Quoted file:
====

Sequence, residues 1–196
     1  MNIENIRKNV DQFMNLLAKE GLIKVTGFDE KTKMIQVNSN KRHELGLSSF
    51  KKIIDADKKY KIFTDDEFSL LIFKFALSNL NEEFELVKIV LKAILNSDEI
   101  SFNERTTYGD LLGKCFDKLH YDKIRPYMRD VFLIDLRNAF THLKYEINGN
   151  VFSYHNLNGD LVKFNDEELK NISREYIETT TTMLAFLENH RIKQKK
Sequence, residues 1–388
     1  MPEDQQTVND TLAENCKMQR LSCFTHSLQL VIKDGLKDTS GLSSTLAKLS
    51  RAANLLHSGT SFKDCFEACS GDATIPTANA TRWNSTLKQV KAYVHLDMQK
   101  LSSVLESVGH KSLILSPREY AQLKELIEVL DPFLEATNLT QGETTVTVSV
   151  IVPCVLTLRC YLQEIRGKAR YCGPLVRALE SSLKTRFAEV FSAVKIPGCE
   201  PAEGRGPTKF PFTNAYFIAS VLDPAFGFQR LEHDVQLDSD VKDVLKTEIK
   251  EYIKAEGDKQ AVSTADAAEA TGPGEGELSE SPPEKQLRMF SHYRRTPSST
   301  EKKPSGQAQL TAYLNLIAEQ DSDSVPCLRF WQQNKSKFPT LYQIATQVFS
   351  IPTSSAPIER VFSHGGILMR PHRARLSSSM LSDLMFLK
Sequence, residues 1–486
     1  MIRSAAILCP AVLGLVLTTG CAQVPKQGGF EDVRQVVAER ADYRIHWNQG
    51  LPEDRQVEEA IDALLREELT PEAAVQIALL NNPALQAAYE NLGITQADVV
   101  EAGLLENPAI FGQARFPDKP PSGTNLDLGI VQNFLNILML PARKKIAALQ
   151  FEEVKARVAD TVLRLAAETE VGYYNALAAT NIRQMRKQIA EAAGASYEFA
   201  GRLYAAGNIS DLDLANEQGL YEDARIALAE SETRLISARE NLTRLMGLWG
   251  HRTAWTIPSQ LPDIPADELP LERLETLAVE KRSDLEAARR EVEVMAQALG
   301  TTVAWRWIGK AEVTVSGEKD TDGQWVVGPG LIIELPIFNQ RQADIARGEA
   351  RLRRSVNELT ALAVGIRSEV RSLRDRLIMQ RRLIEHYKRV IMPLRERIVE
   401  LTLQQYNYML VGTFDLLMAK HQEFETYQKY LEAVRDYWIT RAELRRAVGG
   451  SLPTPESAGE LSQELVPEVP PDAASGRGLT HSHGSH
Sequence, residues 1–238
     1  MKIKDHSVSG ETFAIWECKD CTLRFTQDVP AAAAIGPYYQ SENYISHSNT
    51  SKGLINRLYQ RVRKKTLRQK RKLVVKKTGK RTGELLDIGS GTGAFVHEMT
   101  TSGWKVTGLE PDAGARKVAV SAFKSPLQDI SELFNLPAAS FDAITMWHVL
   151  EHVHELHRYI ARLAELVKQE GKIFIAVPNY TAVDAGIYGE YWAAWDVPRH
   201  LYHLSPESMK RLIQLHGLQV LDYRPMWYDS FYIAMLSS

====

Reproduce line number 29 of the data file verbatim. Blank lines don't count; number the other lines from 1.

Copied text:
   101  TSGWKVTGLE PDAGARKVAV SAFKSPLQDI SELFNLPAAS FDAITMWHVL